Ford Motor Company offers drivers 'video snacks'

Ford Motor Company has created dozens and dozens of short instructional videos that offer very specific information about the details on new Ford Motor Company vehicles, Read writes.

Heinz-Peter Bader/Reuters/File
The Ford Motor Company logo is pictured on the rooftop of Austria's Ford head branch in Vienna. Ford has announced a plan to make the learning curve for new-car owners a little shallower, Read writes.

Perhaps more than any other automaker, Ford understands the challenges of explaining technology to customers. Its own MyFord Touch and SYNC systems have caused the company's initial quality rankings to plummet because owners don't understand how all the bells and whistles work.

Now, Ford has announced a plan to make the learning curve for new-car owners a little shallower -- and the entire process much more convenient.

To do that, Ford is using the same teaching tool that Americans have relied on since the invention of the VCR: instructional videos. Ford has created dozens and dozens of what it's (unfortunately) calling "video snacks", which offer very specific information about the details on new Fordvehicles.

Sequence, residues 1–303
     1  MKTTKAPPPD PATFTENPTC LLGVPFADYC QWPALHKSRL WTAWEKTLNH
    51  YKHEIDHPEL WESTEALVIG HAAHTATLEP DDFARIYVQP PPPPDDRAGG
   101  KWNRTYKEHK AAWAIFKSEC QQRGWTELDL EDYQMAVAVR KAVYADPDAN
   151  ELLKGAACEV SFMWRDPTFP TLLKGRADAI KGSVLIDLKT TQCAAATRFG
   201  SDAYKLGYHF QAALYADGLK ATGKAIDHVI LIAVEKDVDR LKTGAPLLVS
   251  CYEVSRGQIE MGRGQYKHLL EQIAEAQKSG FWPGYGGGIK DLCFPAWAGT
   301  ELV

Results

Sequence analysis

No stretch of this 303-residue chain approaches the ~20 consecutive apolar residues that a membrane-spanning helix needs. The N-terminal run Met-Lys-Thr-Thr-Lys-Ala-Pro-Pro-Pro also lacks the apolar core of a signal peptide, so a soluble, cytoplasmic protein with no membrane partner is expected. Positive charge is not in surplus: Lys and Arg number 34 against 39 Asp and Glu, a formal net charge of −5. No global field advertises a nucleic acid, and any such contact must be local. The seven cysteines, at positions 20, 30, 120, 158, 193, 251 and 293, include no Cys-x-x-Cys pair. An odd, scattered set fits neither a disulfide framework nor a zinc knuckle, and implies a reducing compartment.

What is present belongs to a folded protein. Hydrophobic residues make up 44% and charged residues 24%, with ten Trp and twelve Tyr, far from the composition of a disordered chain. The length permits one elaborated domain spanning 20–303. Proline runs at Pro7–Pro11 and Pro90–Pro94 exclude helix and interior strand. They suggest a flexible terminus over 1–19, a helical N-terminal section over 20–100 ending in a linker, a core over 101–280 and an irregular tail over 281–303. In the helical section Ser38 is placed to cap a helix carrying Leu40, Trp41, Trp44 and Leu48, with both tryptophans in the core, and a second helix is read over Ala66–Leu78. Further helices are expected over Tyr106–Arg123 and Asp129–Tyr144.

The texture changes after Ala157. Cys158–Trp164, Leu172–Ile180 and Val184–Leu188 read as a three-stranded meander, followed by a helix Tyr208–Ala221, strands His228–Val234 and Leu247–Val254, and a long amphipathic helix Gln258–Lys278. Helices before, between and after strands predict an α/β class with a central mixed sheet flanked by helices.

For you, the shopper, the experience will work a bit like this: 

  • Once you've selected the vehicle you'd like to purchase, your Ford salesperson will go through a list of features that you can learn about on your own or at the time of delivery.
    • You can watch videos at the dealership, while the salesperson is there to answer additional questions, or you can wait until you get home, where you'll receive an email containing links to "video snacks" about the features that most interest you.
    • If you realize after a few weeks of driving your new vehicle that you'd like more info on a specific feature, don't worry: Ford has been posting all of these instructional clips to its Know Your Vehicle channel on YouTube since late last year, so you can access them online at any time.

    Despite the name, this is a great new program -- though admittedly, we're a little confused why the clips aren't included for playback in Ford vehicles equipped with video screens. That would allow owners to sit in their cars and walk through features as the videos play.

    Of course, technically, they can already do that with a smartphone or tablet pointed at YouTube, but why doesn't Ford eliminate the middleman and include videos right in the dash? After all, it's pretty clear that video-based user guides are coming, and it seems like Ford has all the data necessary to beat others to the punch.

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